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Noel Ira Behn information
Noel Ira Behn information
|Birth date:||January 6, 1928, Chicago, Illinois, United States|
|Death date:||July 27, 1998, New York City, New York, United States|
|Birth place:||Chicago, Illinois, USA|
|Nominations:||Edgar Award for Best Fact Crime, Writers Guild of America Award for Television|
|Movies:||The Kremlin Letter, The Brink's Job|
Noel Ira Behn net worth & biography:Noel Behn (1928? - 1998) was an American novelist, screenwriter and theatrical producer. His first novel, The Kremlin Letter, drawn from his work in the US Army's Counterintelligence Corps, was made into a film by John Huston in 1970. Behn's non-fiction The Big Stick-Up at Brink's was adapted into a 1978 movie starring Peter Falk and Peter Boyle. His controversial book Lindbergh: The Crime delved into the Lindbergh kidnapping, claiming that the baby had died in a family accident, and the kidnapping was faked. Behn was influential in the development of Off Broadway theatre in New York and he was producing director of the Cherry Lane Theater throughout the 1950s and 60s. Beginning in the late 1960s, owing to the happenstance of having offices in the same building on 57th Street in New York City, Behn began longstanding creative friendships with screenwriter Paddy Chayefsky, choreographer Bob Fosse and playwright Herb Gardner.He also wrote seven episodes of Homicide: Life on the Street between 1993 and 1997.The second episode of the third season of the prison drama Oz was dedicated to his memory. Wikipedia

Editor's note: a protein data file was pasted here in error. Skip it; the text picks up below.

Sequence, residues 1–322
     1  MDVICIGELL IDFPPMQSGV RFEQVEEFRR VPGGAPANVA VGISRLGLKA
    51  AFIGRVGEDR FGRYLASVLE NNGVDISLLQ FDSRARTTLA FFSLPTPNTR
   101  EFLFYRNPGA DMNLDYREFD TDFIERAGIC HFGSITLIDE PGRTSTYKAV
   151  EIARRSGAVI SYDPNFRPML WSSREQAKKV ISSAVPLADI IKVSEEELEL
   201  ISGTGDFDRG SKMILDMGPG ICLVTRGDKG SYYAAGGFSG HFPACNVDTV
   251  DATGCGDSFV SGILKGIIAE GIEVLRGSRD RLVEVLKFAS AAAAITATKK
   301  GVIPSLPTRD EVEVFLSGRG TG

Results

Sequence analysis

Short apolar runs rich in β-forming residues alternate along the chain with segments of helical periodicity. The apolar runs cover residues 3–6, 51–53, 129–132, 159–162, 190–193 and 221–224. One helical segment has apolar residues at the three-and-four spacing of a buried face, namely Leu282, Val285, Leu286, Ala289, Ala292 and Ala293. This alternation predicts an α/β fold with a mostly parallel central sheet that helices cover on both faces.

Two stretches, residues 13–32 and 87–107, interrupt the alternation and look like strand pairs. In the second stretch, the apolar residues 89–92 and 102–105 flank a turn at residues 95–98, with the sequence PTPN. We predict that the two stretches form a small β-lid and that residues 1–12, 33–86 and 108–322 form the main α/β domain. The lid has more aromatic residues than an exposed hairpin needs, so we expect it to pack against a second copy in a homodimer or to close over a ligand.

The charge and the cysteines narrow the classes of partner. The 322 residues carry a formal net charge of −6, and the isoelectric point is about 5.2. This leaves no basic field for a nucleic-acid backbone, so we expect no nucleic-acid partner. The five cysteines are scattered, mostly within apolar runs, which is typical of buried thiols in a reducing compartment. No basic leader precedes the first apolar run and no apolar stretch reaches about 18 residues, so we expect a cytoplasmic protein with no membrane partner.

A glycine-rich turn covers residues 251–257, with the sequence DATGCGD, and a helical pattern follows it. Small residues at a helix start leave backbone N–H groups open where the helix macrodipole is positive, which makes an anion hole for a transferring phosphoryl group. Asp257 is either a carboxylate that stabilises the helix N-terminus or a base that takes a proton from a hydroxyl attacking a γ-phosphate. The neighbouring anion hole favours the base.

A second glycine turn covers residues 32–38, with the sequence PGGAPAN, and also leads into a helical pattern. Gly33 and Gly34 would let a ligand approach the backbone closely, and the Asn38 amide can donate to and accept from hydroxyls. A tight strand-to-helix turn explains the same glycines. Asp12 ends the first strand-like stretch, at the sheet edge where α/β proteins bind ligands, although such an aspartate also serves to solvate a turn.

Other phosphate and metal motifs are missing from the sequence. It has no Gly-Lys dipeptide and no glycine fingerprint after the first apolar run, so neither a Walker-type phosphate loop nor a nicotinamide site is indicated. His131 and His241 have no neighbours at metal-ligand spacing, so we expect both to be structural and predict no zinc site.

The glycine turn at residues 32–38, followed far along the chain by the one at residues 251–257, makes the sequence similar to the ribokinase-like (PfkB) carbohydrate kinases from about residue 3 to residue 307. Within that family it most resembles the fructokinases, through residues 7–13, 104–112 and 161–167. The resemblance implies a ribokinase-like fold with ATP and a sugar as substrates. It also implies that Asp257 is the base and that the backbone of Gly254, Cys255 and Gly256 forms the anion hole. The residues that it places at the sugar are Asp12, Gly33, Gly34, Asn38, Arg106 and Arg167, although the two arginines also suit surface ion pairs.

More about Noel Ira Behn:
|Homicide: Life on the Street||TV Series teleplay by - 5 episodes, 1993 - 1996 story by - 3 episodes, 1996 - 1999 written by - 1 episode, 1998|
|Tattingers||1989||TV Series 1 episode|
|The Brink's Job||1978||book "Big Stick Up At Brink's"|
|The Kremlin Letter||1970||novel "The Kremlin Letter"|
|Another Woman||1988||Engagement Party Guest|
|Stardust Memories||1980||Doug Orkin|
|Oz||1999||TV Series in memory of - 1 episode|
|The Tonight Show Starring Johnny Carson||1970||TV Series||Himself|
|Year||Award||Ceremony||Nomination||Movie||Award shared with|
|1995||WGA Award (TV)||Writers Guild of America, USA||Episodic Drama||Homicide: Life on the Street (1993)||Tom Fontana|
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|1||Novelist, screenwriter, stage producer and raconteur. Best known for his novel "The Kremlin Letter", which drew on his experiences working for U.S. Army Counterintelligence. During the 1950's and 60's, he was the producing director for the Cherry Lane Theatre in New York. He also accounted for one quarter of a distinguished intellectual foursome inhabiting the same 57th Street building (the others were Paddy Chayevsky, Bob Fosse and playwright Herb Gardner), forming an 'unofficial club' and collaborating on each other's projects.|
|1||Asked why he insisted that most so-called spy novels are really detective novels, Behn said, "In a detective novel, the hero solves a crime; in a spy novel, the hero commits one."|
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